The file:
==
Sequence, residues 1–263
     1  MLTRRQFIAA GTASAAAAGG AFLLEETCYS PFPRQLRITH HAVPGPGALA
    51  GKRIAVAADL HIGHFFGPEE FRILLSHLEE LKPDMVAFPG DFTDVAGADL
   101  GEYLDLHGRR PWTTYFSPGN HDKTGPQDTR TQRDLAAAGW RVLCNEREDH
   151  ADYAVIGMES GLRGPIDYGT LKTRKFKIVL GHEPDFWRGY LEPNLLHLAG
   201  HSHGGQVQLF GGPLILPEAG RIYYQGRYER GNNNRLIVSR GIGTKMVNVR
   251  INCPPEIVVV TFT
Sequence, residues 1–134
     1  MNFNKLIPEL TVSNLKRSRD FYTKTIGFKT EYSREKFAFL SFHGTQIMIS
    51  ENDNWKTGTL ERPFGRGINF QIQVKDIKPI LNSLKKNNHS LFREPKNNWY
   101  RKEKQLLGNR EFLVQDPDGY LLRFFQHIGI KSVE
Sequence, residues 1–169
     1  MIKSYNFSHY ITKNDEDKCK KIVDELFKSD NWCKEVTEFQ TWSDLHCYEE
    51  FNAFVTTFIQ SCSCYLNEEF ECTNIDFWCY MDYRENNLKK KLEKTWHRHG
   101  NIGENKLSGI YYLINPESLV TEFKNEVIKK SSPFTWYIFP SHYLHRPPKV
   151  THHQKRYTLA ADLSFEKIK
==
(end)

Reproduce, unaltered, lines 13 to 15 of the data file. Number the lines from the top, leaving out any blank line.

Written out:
     1  MIKSYNFSHY ITKNDEDKCK KIVDELFKSD NWCKEVTEFQ TWSDLHCYEE
    51  FNAFVTTFIQ SCSCYLNEEF ECTNIDFWCY MDYRENNLKK KLEKTWHRHG
   101  NIGENKLSGI YYLINPESLV TEFKNEVIKK SSPFTWYIFP SHYLHRPPKV